The Gogan family might be my least favorite part of this movie. They are ridiculous, over the top and grown worthy. Their songs too seem to go on forever and they are always thwarted by randomly falling into something, Nickelodean slime style. Mud, tar or water, they have a knack for going from dirty to dirtier. It all seems so silly and for a story with what I found to be a surprising amount of depth, these scenes seemed so cheap and childish. There’s also the matter of their “Bill of sale” for Pete. This is ended by Elliot burning it up in the end. IN THE END. I’m sorry, but last time I checked Elliot had these skills from the start. Why on Earth did it take two hours for him to use them?
Another critique I have, well, critique is the wrong word. Let’s start over. Something I wish there was more of in the film is Elliot and Pete’s backstory. In the end, Elliot must leave Pete to go help another little boy. Okay, I can buy that, but I’d love to know how they met. Why can only Pete see Elliot when he’s invisible? There is a remake coming of this one from Disney soon and I actually hope that some of this is addressed. The film doesn’t hurt for it not being there but I feel like there could be a pretty rich mythology to a dragon who comes to children in their hour of need and gets them through the stormy weather and I simply want to know more. We start in the middle of their relationship, I’d simply like to see more of the starting parts.
The climax of this film is really special, maybe in part because I feel that so far, most of our films haven’t had very true cinematic scenes. The scene where Elliot is captured and must fight to free himself to save Pete is like something out of King Kong and it works very well. I like seeing that this adorable creature can really flex some teeth when it comes to helping his friend. I also like that his way of fighting back is fairly non-violent. No one dies or really gets hurt. They all just get off with a warning and that’s a good lesson to be told. Bullies sometimes just need to know how strong you are to back off. They don’t have to be fought back.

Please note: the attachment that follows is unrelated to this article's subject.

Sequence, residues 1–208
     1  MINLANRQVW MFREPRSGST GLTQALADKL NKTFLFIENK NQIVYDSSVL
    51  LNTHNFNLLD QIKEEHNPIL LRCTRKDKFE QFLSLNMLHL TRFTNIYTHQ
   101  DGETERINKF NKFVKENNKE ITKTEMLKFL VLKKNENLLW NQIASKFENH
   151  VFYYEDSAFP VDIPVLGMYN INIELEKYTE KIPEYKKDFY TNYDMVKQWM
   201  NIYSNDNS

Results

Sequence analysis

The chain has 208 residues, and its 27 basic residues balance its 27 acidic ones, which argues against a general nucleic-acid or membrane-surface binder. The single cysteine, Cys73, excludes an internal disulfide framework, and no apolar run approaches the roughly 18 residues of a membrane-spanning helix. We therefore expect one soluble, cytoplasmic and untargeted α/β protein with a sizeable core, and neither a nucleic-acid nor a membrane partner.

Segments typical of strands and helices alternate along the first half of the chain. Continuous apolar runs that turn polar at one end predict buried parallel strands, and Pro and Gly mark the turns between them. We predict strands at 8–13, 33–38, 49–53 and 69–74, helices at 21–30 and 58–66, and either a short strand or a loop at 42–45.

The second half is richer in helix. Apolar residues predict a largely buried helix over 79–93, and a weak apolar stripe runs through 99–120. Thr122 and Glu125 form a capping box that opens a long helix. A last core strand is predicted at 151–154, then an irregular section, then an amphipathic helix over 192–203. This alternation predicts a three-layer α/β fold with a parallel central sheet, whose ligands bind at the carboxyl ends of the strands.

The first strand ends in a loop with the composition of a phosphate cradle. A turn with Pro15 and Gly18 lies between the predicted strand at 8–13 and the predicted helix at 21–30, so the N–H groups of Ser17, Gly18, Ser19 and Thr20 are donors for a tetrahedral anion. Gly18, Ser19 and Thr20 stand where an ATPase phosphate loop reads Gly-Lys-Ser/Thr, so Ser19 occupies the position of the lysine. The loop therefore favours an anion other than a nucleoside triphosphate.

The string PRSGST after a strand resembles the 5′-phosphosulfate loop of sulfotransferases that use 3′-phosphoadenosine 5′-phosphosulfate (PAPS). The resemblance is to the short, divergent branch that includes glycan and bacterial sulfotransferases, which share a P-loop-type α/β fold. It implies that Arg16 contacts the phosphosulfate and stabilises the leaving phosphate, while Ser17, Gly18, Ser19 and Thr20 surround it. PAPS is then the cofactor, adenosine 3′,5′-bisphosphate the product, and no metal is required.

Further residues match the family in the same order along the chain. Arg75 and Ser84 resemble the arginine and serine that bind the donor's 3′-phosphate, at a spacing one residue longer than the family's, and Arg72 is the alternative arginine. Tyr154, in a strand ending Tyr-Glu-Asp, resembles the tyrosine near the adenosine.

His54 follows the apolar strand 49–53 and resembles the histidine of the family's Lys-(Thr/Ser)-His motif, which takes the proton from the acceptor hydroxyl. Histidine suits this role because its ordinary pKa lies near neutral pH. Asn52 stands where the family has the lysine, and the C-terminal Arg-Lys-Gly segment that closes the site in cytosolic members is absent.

Pete’s Dragon is a film about believing in yourself and in others even when the world tells you not too. More than that, it is a tale of friendship and just how powerful that can be. It’s a film about kindness and not judging books by their covers and also just how much we can all learn from each other. Sure, some of the dialogue is grown worthy. Yes, some of the characters are way too over the top. You’re right, some of the story elements make no sense as to why it takes so long for certain events to occur. But none of that really matters. Pete’s Dragon teaches valuable lessons while always being entertaining and leaves us with some great tunes to hum for the week after we watch it. It’s a classic and a great film to watch with the whole family. We could all use a reminder sometimes of how valuable it can be to trust a friend and Pete and Elliot make sure we won’t soon forget it.
NEXT UP: We’ll return to Vault Disney with The Fox and the Hound.
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NOTE: Obviously all the photos are courtesy of Disney Entertainment and I would never in a million years claim them as my own. That being said, all are actually taken with my phone during our viewing in order to capture the moment in a slightly different way than originally intended.
ALSO: My Fiancee has a blog too and he is talking about all the classics we are currently watching, which involves more than just Disney. Head over HERE and check it out!